You wonder if, as some critics assert, perhaps Herzog has gone all soft-headed here; you wonder why he doesn't ask more pointed questions, confront his subjects with the contradictions in their testimony, strip away the illusions that so obviously shore up their respective worldviews.

I think one clue to what he's doing and why can be found in what's different in his approach: unlike in most of his documentaries he's hardly in this one, preferring to stay offscreen as a questioning voice-over (it's not as if he's unaware of his personal charisma, either--he can play the engaging, somewhat lunatic host-documentarian either in his own work (Grizzly Man, 2005; Cave of Forgotten Dreams 2010) or a parody of such in others (Zack Penn's Incident at Loch Ness, 2004).

Seems to me he's deliberately erasing himself from this film, allowing others' voices to come to fore. At one point he offers the rare--at least in this picture--opinion that Jesus wouldn't agree to the death penalty and tries to get Lisa Stotler to agree that an alternative like life without parole might be satisfactory, to which Lisa smiles and shakes her head. “But some people do not deserve to live,” she says. Herzog does not argue with her.

He seems to be laying out the groundwork, marking the boundaries--the depth and width--of suffering involved in murder, from the killers (legal and illegal) and victims' standpoints. This was reportedly an expansion of one episode in a mini-series to be titled On Death Row, and if he has anything more definite to say, he may possibly say it in further episodes.

Meantime Herzog has staked out some powerful, if vaguely organized, material here. He's basically stepped out of the way to allow some  memorable people to come to fore--no less memorable for the fact that I've met and talked to (and come to know) people like Michael, Jason and Charles (some not as far gone perhaps; some as internally anguished). The picture of Michael Perry grinning at the camera is haunting precisely because I've seen that grin so many times before, directed at me. You think: "he can't possibly have a violent thought in his head; he can't possibly be a killer." Oh yes, he can.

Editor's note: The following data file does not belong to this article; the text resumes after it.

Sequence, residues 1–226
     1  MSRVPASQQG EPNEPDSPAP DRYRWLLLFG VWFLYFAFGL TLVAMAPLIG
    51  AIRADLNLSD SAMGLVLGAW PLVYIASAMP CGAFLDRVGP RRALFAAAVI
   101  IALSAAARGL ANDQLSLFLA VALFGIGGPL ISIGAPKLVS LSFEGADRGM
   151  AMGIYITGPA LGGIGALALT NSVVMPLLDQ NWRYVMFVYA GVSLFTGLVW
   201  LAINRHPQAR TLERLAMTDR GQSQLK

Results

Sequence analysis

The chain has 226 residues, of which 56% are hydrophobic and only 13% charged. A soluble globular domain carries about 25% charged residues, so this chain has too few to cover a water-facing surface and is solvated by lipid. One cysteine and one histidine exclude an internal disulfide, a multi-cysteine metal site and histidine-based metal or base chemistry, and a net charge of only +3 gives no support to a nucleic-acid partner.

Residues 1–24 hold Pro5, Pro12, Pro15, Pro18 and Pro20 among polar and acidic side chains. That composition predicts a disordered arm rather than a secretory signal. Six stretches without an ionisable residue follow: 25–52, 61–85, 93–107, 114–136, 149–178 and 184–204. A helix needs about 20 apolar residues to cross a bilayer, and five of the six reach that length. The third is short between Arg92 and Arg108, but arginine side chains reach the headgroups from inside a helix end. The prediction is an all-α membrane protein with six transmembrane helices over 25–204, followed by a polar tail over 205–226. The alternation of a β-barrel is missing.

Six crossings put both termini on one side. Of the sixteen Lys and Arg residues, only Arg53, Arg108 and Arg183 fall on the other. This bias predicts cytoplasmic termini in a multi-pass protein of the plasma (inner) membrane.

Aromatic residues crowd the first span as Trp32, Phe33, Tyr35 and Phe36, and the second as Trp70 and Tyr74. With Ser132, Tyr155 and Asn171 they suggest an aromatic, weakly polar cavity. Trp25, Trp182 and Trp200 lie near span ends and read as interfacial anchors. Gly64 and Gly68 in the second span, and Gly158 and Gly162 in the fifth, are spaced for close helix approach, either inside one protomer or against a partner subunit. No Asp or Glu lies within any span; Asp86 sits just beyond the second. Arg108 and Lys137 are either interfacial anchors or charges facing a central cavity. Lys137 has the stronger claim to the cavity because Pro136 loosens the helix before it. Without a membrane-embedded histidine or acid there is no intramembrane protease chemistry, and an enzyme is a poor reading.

Seeing them on the big screen, pouring their hearts out to this visiting German filmmaker, is a remarkable sight (I suspect his accent disarms them--confessing to a stranger can be easier for some people). They spin out their stories, they praise God for what meager blessings fall their way, they express a nervously defensive hope for the future. What one can't see in their faces is a strong sense of security, of serenity in life, of emotional and spiritual peace.

First published in Businessworld, 4.19.12

3 comments:

Epoy Deyto said...

still haven't seen this one, but I saw somewhere that Herzog has a tv-docu follow-up for this.

Noel Vera said...

Yep, what I mentioned in the article...

Noel Vera said...

Easy to criticize a movie when it's the pilot episode to a series...